The Gospel Doctrine lesson 22 manual objective is “to help class members understand what it means to experience a change of heart and continue in the process of conversion.”

Our Objective

To consider one contemporary woman’s testimony, as we examine what it means to receive God’s image in our countenances.


Are you a fan of HGTV’s Fixer Upper, yet? I discovered the show on Netflix, and I have pretty much watched every episode. Chip and Joanna Gaines, a Christian couple in Waco, Texas, run a home renovation business that is rapidly turning into a home design empire, and the show displays one disaster-to-masterpiece transformation after another.

This show naturally lends itself to metaphors about spiritual life, the most obvious being the idea that we are all fixer uppers. In the same way that any property the Gaines’ touch becomes gold, we are refined and remade through the Atonement of Christ. But one particular aspect of this transformative process has become more clear to me through thinking about Joanna and Chip’s lives and reading the text for this week’s Sunday School lesson, Alma 5 through 7.

Even if you haven’t seen the show, you have possibly watched Joanna’s testimony, which has more than 5.25 million views on YouTube. She says, “I heard Him specifically say, ‘Joanna, I have a calling for you. You’re going to have a platform one day.’” She did not know what that meant, but when she closed her small business to be with her growing family, she felt God telling her to entrust her dreams to Him. If she did, He would make them greater than she could even imagine.

Years later, when she felt inspired to do so, she reopened the shop, which continues to grow. It is not hard to recognize Joanna’s revelation coming to pass.

One of the most captivating aspects of their lives is Chip and Joanna’s vision. They see possibilities where many would see despair. They infuse architectural spaces with new life through sound repair, thoughtful restoration, and beautiful furnishing. They follow God’s vision for their lives, and millions of viewers are their witnesses.

Alma the Younger understood the process of faith and also the result. He, like Joanna, also understood that we all bear responsibility for having faithful vision: “Have ye received his image in your countenances? Have ye experienced this mighty change in your hearts?” (Alma5:14), he asks. Later, Alma asks his listeners whether they use the eye of faith to imagine themselves at the judgment bar, whether they can “look up, having the image of God engraven upon [their] countenances” (Alma 5:19; emphasis added).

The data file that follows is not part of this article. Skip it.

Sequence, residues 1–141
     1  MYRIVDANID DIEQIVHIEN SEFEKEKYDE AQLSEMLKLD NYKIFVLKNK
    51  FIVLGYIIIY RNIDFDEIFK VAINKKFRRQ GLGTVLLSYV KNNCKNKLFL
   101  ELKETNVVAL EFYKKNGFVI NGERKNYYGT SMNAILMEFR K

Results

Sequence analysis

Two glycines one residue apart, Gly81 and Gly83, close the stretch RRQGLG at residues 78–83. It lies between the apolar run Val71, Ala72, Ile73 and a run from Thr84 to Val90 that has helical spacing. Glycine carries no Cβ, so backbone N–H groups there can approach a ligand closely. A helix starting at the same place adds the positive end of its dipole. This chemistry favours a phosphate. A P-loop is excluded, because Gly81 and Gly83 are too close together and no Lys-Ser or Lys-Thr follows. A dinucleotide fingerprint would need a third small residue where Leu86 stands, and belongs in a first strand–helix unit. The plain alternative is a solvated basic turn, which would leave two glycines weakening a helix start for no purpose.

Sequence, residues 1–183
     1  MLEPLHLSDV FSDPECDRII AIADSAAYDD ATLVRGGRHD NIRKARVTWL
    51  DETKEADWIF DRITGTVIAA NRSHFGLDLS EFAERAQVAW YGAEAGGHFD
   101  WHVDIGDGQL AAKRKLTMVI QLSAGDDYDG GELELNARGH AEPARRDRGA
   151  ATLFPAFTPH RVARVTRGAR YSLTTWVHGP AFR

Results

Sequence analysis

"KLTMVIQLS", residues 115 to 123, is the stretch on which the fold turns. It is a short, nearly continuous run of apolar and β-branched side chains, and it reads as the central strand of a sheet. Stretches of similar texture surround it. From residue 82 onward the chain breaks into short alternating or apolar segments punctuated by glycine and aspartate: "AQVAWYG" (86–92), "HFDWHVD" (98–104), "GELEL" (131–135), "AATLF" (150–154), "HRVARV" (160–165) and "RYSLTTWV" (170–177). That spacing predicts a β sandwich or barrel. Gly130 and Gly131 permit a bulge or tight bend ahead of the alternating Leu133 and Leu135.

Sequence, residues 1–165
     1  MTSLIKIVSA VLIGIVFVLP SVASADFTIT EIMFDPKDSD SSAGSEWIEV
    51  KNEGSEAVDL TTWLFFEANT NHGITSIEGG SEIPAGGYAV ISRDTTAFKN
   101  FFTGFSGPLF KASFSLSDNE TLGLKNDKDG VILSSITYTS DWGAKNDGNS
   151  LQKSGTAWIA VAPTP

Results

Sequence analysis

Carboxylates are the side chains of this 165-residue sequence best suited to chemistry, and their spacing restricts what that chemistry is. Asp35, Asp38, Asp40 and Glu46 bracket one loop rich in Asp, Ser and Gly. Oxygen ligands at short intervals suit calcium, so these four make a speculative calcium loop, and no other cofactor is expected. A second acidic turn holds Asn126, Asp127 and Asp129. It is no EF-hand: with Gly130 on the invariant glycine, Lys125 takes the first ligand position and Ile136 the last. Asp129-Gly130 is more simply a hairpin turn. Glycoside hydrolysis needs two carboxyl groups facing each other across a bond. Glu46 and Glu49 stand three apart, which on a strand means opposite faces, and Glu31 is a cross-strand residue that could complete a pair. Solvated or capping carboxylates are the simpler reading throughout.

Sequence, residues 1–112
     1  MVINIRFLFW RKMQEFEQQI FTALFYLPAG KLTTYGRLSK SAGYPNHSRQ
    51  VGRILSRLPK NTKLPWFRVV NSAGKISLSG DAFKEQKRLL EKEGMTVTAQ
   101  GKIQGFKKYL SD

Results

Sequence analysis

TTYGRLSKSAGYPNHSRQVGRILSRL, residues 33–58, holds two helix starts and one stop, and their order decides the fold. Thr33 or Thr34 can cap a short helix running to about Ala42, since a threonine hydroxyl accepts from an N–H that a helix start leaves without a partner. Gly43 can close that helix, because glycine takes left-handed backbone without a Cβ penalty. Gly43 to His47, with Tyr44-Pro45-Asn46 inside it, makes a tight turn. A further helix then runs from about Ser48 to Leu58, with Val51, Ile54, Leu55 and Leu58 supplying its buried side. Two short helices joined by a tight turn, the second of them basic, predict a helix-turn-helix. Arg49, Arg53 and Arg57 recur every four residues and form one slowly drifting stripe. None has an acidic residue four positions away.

To become reborn and truly changed, we have to receive the image of God and it must become an essential part of us. We are not simply becoming a better version of ourselves. Rather, we come to reflect Christ’s image. The life of a believer is unmistakeable in that it bears God’s imprint. We are living icons that point to their Creator and contain his very attributes and thoughts.

And the true beauty of this process? We get to use our own second sight, our imagination, to discover what God would have us do, who God would have us be. God allows us to be co-creators with Him as we work toward our eternal destiny. Alma encouraged his listeners to picture their own spiritual futures as though they were reality. We can practice this kind of sight and let that lead us to renovate our lives.

Having faith and listening to God are essential parts of vision. At the end of her testimony Joanna says, “Let God speak into your life. Let His Father heart come and say this is what I have for you. And I think that’s the key: not believing the lies, fixing our eyes on Jesus, and walking in that truth.”

This is how we receive Christ’s image in our countenance and then have it engraved there. The more we actively look to Christ, the more we will look like Him. And that transformation will be glorious.

I am all at once what Christ is, since he was what I am, and

This Jack, joke, poor potsherd, patch, matchwood,

            immortal diamond,

          Is immortal diamond.

(Gerard Manley Hopkins, “That Nature Is a Heraclitean Fire”)

Related Mormon Women Project Interviews

Dressed Like A Queen, Rosie Card

“Whatever it is, I think creating is the greatest distraction and that’s where our self worth comes from. It obviously goes back to who we are as daughters of the Creator. Creating is what we are meant to do.”

Moving Past Forever, Kenna Christensen

“I would say, the Lord is aware of you and your situation. He has the ability to turn any tragedy into something beautiful. If we seek for His help and guidance, that’s exactly what He’ll do. I would also say honor your grief. That was something a friend of mine told me during my grief. Our feelings matter. It’s okay to hurt and it’s okay not to be okay. It’s hard, but it’s a part of mortality.”

Other Related Women’s Voices

If Ye Love Me, Keep My Commandments, Carole M. Stephens

“Even with all of the mistakes, opposition, and learning that accompany our mortal experience, God never loses sight of our eternal potential, even when we do.”

Do I Believe?, Bonnie L. Oscarson

“Conversion comes when we serve those around us. It comes from earnest prayer, regular temple attendance, and faithful fulfillment of our God-given responsibilities. It takes consistency and daily effort.”

Wanted: Hands and Hearts to Hasten the Work, Linda K. Burton

“You have been sent to earth in this dispensation of time because of who you are and what you have been prepared to do! Regardless of what Satan would try to persuade us to think about who we are, our true identity is that of a disciple of Jesus Christ!”

Looking for additional perspectives on this lesson? We recommend Mormon Sunday School, Meridian Magazine and LDSLiving.